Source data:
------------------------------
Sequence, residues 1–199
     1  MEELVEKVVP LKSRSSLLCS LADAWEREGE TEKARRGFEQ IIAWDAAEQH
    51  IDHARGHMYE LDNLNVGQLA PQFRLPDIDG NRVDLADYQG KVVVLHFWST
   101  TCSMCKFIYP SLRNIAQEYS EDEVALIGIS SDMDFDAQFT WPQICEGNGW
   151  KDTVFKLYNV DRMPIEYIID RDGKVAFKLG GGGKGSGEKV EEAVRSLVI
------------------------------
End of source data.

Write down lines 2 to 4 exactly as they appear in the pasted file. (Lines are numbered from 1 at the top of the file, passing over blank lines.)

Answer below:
     1  MEELVEKVVP LKSRSSLLCS LADAWEREGE TEKARRGFEQ IIAWDAAEQH
    51  IDHARGHMYE LDNLNVGQLA PQFRLPDIDG NRVDLADYQG KVVVLHFWST
   101  TCSMCKFIYP SLRNIAQEYS EDEVALIGIS SDMDFDAQFT WPQICEGNGW